“The difference between the right word and the almost right word is the difference between lightning and a lightning bug.”
~ Mark Twain
Have you ever run into the “almost right” word? I sure have. In fact, I’m pretty certain that I’ve contributed many “almost right” words to the Great Book of Life. I’ve also spent many an hour rummaging through my brain, books, and basement in search of the elusive “right” word.
You know, I almost listed drawers there as one of the places I’ve searched, but that most definitely would not be the right word. Although some drawers may, in fact, contain words… other drawers categorically do not. Whew – another word crisis averted!
Anyway, I once encountered an “almost right” word in an intake report, back when my job was giving psych assessments. There within the section used to describe the patient, the referring medical resident had written, “He reads ferociously – sometimes six books at a time.”
Ferociously? As in, “exhibiting or given to extreme fierceness and unrestrained violence and brutality”? A word usually associated with lion-like behavior. Hmmmmmm. I think the word that this poor, exhausted resident intended was voraciously. As in, “excessively eager, or having an insatiable appetite for something” (like books in this instance).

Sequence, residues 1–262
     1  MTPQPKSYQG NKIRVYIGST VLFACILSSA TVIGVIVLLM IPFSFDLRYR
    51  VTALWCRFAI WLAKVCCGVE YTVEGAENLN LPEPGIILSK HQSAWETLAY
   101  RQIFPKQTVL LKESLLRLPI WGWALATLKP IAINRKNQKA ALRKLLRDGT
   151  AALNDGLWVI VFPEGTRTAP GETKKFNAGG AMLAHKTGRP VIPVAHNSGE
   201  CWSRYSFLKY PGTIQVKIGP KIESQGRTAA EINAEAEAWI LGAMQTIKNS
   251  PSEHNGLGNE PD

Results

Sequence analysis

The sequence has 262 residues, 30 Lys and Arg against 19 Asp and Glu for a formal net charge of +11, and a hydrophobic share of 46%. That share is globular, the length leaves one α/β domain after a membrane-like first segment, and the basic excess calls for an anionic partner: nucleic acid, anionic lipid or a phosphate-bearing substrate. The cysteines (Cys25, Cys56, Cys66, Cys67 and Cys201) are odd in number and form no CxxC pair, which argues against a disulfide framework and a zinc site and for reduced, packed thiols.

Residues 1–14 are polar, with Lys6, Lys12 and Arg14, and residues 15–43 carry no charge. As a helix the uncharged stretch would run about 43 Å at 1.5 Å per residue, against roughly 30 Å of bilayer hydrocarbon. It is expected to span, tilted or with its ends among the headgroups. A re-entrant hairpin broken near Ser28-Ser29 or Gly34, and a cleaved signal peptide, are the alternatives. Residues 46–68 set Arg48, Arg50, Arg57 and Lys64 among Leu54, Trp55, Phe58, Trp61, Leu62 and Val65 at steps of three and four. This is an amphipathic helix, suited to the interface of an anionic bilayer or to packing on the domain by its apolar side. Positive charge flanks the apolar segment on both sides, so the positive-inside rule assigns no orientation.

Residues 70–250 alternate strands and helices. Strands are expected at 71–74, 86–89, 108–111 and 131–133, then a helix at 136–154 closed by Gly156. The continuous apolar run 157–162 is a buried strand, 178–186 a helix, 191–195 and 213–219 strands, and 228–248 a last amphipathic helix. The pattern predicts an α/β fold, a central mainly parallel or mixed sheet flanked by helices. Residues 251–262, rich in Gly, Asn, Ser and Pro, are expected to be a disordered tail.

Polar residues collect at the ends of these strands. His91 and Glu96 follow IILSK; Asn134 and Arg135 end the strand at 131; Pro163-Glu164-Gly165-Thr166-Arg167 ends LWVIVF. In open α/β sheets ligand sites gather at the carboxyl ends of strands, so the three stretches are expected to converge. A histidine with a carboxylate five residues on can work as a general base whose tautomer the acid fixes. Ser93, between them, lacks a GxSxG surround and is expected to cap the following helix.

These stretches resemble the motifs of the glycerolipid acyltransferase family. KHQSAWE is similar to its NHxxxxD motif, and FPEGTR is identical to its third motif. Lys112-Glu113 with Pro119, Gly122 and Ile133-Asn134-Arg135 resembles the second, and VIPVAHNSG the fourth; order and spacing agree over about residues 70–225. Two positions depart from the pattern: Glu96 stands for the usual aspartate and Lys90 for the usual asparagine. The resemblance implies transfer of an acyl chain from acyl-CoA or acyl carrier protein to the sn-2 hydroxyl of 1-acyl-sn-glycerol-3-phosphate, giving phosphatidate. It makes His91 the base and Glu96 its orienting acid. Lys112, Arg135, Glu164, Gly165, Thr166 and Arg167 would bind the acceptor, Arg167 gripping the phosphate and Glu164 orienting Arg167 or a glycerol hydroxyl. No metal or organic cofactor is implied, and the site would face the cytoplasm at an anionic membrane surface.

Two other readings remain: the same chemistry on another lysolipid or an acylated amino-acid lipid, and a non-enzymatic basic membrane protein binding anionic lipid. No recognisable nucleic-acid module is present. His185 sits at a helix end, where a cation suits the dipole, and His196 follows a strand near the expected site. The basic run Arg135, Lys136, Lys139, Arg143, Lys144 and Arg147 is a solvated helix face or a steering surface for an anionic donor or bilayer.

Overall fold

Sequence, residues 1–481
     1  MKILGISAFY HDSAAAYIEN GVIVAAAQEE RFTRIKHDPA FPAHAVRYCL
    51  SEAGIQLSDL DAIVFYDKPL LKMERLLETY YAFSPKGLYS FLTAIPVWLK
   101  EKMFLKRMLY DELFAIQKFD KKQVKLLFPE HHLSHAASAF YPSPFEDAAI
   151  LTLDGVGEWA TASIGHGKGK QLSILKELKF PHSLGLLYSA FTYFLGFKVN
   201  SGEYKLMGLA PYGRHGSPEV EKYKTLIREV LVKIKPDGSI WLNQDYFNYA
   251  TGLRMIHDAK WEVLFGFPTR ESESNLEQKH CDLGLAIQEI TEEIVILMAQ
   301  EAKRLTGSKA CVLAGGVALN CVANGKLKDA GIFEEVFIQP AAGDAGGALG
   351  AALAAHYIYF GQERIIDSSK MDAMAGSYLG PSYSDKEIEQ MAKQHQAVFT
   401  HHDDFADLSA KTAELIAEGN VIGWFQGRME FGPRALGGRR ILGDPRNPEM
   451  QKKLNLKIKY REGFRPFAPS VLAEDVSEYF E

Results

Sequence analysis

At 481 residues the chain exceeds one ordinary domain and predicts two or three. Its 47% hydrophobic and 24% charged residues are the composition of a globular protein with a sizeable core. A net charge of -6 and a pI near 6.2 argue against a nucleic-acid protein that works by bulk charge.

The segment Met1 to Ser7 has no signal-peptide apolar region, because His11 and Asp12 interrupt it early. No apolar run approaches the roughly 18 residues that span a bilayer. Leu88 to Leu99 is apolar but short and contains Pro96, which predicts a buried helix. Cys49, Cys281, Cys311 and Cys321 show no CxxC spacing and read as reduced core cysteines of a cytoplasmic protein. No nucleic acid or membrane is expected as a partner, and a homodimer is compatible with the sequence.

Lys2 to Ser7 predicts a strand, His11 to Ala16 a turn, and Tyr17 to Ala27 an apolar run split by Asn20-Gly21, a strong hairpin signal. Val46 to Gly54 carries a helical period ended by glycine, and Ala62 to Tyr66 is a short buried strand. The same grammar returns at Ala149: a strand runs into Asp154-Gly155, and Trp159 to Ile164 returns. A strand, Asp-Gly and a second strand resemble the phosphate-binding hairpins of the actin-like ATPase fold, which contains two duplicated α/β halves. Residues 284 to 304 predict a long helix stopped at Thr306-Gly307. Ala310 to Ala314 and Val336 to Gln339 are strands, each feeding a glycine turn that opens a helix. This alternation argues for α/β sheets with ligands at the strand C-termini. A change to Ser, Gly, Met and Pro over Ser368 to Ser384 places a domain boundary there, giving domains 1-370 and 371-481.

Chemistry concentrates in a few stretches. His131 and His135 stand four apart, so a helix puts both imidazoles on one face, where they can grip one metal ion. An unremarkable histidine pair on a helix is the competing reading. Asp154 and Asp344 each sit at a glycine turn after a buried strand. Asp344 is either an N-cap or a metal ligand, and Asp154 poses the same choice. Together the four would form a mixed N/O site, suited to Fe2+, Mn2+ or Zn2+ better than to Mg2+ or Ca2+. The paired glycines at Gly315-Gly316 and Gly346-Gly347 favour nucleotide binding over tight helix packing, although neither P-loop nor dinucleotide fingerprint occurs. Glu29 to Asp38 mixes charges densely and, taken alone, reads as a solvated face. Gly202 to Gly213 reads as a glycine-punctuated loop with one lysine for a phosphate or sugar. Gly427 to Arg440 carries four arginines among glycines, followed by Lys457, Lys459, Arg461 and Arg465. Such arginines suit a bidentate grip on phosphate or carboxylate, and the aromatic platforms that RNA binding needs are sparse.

Well, I happened to find this “almost right” word ferociously funny at the time. Mostly, because when you’re working on a psych ward, I assure you, the laughs are few and far between. And so, who can blame me for being absolutely tickled over this all day long? Then I went home…
When I walked into my apartment, I noticed some things I’d never noticed before – the paperbacks dog-eared and stacked carelessly next to my bed, the hardbacks strewn across the sofa, and the magazines lying mangled on the kitchen table.
Leaping Lions! The evidence was undeniable! I was, in fact, a ferocious reader.
I still am.
Because sometimes when you least expect it, the “almost right” word happens to be “exactly right”, after all.
PROMPT: Have some ferocious fun by putting all the wrong words in all the right places – or perhaps all the right words in all the wrong places. Stretch the English language like salt water taffy, bend it like Beckham, then throw it against the wall. See what sticks. For visual artists – create some color confusion, just for kicks. Is black really this year’s pink?